The early modern demographic dynamic : celibates and celibacy in seventeenth-century England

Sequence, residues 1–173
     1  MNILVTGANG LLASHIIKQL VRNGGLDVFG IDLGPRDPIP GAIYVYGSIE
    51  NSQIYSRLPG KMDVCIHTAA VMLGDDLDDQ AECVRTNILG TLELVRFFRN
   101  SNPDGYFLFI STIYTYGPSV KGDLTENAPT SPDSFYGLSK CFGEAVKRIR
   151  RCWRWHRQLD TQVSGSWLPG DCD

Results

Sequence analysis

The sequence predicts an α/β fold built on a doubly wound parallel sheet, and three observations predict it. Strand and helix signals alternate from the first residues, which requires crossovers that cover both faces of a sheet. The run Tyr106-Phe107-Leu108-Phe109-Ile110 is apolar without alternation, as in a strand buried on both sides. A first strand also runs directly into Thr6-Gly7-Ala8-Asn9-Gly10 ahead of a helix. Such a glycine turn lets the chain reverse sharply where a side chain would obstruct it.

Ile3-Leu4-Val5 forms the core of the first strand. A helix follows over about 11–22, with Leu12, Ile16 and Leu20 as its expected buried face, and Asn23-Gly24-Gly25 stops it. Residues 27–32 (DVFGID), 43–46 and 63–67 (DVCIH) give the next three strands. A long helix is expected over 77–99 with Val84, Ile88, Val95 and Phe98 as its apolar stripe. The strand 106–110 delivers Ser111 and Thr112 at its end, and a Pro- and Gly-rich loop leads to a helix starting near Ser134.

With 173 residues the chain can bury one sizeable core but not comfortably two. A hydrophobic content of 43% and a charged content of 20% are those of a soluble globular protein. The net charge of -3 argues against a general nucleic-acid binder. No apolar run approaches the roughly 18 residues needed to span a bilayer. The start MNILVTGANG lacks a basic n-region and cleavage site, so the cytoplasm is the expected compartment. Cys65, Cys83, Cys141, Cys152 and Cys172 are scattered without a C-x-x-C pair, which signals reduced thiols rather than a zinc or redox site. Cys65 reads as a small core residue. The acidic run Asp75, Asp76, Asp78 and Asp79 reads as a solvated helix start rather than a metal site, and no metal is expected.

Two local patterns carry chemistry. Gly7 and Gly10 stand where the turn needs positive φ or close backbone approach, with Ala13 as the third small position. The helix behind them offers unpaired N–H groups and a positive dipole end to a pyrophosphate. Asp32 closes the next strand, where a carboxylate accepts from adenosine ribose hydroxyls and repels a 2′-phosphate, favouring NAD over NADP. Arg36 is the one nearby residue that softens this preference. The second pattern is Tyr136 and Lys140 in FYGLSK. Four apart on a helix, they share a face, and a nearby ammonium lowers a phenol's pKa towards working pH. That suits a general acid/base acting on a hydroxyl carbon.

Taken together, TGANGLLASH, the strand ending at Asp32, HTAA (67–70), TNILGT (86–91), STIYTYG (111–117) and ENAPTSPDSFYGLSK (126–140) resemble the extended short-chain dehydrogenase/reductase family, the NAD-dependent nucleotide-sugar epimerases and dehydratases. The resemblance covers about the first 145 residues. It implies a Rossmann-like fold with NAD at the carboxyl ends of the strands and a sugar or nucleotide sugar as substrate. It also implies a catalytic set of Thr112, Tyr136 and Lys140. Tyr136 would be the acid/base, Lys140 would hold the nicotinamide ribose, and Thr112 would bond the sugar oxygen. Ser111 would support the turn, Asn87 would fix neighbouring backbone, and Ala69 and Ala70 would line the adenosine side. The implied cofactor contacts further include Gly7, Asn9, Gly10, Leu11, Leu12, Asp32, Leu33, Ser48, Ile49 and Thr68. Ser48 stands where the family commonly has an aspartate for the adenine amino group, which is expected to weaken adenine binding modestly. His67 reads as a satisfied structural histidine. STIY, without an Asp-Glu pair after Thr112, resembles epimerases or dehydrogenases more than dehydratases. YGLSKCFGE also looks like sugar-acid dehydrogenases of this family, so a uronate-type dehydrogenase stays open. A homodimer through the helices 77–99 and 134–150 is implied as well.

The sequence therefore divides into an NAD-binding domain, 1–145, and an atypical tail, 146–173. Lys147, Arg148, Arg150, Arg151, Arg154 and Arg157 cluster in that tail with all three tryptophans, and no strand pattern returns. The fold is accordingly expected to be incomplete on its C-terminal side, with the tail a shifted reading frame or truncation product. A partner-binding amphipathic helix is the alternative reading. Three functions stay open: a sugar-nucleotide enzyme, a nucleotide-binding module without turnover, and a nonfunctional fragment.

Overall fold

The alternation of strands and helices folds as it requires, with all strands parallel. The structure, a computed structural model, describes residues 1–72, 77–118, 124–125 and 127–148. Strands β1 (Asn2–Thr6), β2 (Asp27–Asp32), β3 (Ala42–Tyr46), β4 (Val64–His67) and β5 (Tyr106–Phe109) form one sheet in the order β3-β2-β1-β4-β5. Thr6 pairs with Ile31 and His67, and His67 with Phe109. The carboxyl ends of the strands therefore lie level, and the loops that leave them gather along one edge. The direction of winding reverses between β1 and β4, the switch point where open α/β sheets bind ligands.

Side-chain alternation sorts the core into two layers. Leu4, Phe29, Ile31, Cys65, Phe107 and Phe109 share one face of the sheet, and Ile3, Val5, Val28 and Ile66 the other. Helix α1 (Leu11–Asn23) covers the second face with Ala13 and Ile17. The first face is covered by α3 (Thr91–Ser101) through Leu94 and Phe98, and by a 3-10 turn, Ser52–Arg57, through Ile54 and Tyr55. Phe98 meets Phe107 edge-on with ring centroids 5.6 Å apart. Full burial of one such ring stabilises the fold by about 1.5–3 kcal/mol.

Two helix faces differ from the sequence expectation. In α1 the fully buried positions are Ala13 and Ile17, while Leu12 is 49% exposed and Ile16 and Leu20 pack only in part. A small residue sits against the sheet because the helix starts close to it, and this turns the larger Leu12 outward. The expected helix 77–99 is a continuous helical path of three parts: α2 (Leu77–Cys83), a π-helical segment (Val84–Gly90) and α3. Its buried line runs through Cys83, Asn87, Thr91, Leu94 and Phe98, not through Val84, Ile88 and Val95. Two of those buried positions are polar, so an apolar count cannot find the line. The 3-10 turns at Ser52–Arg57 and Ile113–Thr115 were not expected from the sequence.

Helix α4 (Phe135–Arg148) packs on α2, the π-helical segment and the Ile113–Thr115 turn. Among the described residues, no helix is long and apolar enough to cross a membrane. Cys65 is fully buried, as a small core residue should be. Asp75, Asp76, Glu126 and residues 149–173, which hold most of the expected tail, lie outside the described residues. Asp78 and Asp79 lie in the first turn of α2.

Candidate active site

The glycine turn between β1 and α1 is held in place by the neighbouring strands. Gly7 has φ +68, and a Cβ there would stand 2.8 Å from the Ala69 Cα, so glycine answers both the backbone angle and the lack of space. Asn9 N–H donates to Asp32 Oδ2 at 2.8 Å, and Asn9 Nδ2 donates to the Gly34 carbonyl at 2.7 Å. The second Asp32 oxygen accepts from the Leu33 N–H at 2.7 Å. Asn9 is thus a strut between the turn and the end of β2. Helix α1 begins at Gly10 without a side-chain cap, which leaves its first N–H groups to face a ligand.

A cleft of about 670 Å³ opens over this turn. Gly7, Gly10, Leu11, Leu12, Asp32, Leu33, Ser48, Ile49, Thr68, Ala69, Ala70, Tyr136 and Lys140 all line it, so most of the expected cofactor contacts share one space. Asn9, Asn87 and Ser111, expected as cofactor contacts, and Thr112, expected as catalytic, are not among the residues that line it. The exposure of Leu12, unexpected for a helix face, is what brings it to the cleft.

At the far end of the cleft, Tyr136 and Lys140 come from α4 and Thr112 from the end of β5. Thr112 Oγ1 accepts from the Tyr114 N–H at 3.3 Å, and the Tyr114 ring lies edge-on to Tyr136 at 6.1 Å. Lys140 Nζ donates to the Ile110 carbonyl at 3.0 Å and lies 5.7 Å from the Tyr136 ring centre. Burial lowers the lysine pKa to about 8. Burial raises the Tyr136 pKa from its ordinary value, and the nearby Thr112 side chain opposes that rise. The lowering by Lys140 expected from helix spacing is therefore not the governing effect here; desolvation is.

By interpreting marriage as a life-cycle phenomenon with procreative sex as its ultimate aim, historians have given primacy - whether wittingly or unwittingly - to the act of intercourse between man and a woman, and relegated a range of other sexual activities to a position of lower value. In contrast, this chapter argues not only for the presence of other forms of sexual gratification within Tudor and Stuart society, but suggests in addition that rather than view them as the precursor to full penetrative intercourse, they should be understood as satisfactory and fulfilling expressions of sexuality in their own right. The final chapter examines the role of the marriage discourse in directing the employment opportunities, social status and cultural identity of single people in seventeenth century England. Here the effects of the discourse, which sought to promote the inevitability of entry into marriage as a general truth, are revealed in a gendered approach to training and employment, differential levels of access of men and women to land and property, and a concept of personal and social identity that for women was linked almost exclusively to marriage as a lifecycle phenomenon. The chapter concludes with a discussion of the extensive social and cultural ramifications of a rise in the proportion of lifelong celibate females, a situation that, regardless of its causes, required single women to reassess the image of themselves as wives and mothers and construct an alternative personal and social identity outside the standard marital paradigm.